AUSTIN — To settle a lawsuit, the Texas Department of State Health Services will destroy more than 5 million blood samples taken from newborns without the parents’ consent and stored for research.
Four parents sued the department, saying that taking and storing the samples was unlawful and violated the privacy rights of the parents and children. The Texas Civil Rights Project sued in U.S. District Court in San Antonio earlier this year.
The state began collecting blood samples from newborns in 2002 and halted the process in May when a new state law banned it. Under the settlement, the state has until April 13 to destroy 5.3 million samples stored at Texas A&M University.
Health department officials began collecting the blood samples for medical research. Although the blood spots did not identify the children, parents were never notified that their newborns’ blood would be stored indefinitely. The Legislature this year passed a law requiring parents to consent to their babies’ blood being collected and stored.
Texas gains most people
The U.S. Census Bureau estimates that Texas added more people than any other state in the 12-month period that ended last July 1.
The bureau said Texas gained 478,000 new residents, an increase of 1.97 percent, bringing the state’s population to 24.8 million. California had the second highest growth, adding 381,000 residents, and remained the most populous state at 37 million. Michigan, Maine and Rhode Island were the only states to lose population. The United States grew by 0.86 percent to 307 million people.
The report is the final estimate before the bureau releases its official 2010 census in December. The numbers are used to determine the distribution of seats in the U.S. House of Representatives.
Food stamp audit sought
Texas Health and Human Services Executive Commissioner Tom Suehs has asked State Auditor John Keel to audit the state’s lagging food stamp application process.
Earlier this month, Texas Rio Grande Legal Aid sued to force the state to meet the 30-day requirement for food stamp processing.
Keel said some eligible families have waited for months to receive food stamps. In requesting the audit, Suehs blamed the delays on high staff turnover, staff shortages, natural disasters and increasing applications.
He told Keel that the department’s process is “too time consuming and not very productive.”
Suehs asked for Keel’s help identifying waste and finding ways to improve processing applications. Keel said his office is postponing other audits to make the food stamp issue a priority.
New UT license plates possible
University of Texas fans may have a new Bevo-centric license plate available to them soon. The Texas Department of Motor Vehicles asked the public for comments on a new plate that features a large Texas Longhorn logo in burnt orange on a white background.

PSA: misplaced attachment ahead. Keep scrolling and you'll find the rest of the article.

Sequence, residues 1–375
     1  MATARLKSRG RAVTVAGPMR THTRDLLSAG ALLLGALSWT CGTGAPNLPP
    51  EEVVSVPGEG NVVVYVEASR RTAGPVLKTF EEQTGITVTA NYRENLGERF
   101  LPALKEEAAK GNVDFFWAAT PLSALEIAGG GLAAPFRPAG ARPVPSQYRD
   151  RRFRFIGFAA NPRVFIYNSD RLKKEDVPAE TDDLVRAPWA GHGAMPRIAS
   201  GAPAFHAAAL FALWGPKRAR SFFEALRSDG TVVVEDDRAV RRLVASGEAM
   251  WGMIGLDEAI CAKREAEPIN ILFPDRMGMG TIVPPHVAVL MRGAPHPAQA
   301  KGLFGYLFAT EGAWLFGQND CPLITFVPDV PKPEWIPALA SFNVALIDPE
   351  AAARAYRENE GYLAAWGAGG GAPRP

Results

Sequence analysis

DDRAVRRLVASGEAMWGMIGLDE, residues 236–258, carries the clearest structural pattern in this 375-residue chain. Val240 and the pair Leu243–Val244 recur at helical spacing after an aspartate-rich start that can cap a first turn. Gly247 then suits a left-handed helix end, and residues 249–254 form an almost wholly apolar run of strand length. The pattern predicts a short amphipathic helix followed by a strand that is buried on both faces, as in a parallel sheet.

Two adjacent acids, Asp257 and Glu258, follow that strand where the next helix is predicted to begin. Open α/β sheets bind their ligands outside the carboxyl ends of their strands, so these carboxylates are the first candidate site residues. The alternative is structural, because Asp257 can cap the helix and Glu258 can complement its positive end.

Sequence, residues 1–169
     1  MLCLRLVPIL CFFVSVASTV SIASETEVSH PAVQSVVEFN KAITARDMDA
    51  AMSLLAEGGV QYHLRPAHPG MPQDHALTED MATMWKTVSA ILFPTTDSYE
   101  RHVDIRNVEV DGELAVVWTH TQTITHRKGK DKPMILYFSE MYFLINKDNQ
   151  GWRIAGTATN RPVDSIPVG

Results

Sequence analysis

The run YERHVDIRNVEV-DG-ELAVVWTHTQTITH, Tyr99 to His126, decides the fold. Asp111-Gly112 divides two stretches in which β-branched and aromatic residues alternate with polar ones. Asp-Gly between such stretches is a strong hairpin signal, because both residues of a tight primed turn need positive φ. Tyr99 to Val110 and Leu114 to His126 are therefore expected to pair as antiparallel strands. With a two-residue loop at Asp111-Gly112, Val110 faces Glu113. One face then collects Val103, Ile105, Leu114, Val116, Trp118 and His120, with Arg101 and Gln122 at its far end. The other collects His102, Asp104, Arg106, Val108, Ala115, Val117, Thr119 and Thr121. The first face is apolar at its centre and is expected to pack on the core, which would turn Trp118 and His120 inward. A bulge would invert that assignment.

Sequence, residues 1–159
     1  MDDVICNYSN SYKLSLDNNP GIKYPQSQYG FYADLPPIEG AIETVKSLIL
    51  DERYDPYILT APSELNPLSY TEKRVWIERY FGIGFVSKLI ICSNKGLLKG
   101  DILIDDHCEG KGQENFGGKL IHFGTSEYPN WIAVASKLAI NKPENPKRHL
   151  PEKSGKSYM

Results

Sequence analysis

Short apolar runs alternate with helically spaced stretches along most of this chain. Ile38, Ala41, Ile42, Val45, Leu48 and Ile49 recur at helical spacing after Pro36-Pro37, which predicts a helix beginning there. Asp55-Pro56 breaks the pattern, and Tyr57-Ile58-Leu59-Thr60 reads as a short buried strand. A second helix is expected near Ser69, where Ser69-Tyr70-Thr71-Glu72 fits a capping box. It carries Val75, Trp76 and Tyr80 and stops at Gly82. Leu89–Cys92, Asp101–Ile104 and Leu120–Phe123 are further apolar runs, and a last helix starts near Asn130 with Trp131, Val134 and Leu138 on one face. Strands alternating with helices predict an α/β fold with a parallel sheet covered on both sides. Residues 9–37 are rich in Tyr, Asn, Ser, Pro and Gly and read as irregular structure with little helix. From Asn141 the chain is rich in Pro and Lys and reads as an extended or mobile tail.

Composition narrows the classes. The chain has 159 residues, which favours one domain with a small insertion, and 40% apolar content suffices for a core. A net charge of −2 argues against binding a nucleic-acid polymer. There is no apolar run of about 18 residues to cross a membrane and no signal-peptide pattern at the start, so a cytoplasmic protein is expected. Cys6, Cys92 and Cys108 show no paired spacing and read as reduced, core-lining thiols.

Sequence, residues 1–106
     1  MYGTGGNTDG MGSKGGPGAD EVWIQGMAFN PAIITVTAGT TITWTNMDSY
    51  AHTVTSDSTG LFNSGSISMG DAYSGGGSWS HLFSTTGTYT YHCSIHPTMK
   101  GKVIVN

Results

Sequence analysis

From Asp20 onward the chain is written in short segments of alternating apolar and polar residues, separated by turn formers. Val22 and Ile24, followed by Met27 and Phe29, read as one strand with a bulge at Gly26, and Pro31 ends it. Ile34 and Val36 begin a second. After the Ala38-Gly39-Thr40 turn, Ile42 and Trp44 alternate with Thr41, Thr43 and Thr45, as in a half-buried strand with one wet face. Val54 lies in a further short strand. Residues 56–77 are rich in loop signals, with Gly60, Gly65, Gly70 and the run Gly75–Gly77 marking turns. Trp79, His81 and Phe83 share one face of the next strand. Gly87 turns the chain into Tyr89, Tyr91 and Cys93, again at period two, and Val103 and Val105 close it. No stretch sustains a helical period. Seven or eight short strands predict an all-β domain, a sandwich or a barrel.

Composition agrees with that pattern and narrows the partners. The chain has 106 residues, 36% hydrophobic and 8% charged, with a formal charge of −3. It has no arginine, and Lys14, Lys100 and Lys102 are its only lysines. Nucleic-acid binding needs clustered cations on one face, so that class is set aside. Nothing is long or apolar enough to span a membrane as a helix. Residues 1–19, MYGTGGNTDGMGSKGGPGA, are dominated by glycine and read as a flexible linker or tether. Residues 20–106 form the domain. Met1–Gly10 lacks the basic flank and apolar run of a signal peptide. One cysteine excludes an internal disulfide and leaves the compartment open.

If approved, the new tag will sell for $55 and be available to the public on Jan. 7. That’s also the day Texas plays Alabama in the national championship game at the Rose Bowl. The UT athletic department will receive between $5 and $20 for each plate sold.
Death sentences decline
Capital punishment sentences have declined significantly in Texas over the past few years, according to a study by the Fort Worth Star-Telegram. The newspaper said death sentences are at a 35-year low.
Prosecutors are seeking fewer death sentences and juries are more reluctant to sentence a defendant to death by lethal injection.
Also, since 2005 a sentence of life in prison without parole has been available to juries. Previously, juries had to choose between death and life with a possibility of parole.
Since the change, capital punishment sentences have dropped by 40 percent. Texas had 13 death sentences in 2008 and nine so far this year, compared to 47 death sentences in 1999.
State Sen. Eddie Lucio Jr., D-Brownsville, the author of the life-without-parole law, said, “It isn’t life without parole that has weakened the death penalty. It is a growing lack of belief that our system is fair.”
Shapleigh won’t run
State Sen. Eliot Shapleigh, D-El Paso, has pulled out of the 2010 governor’s race. Shapleigh said in October he would not seek reelection to the state Senate and was considering a run for statewide office.
Shapleigh, 57, said he changed his mind about seeking the Governor’s Mansion after Houston Mayor Bill White announced he would seek the Democratic Party nomination for governor.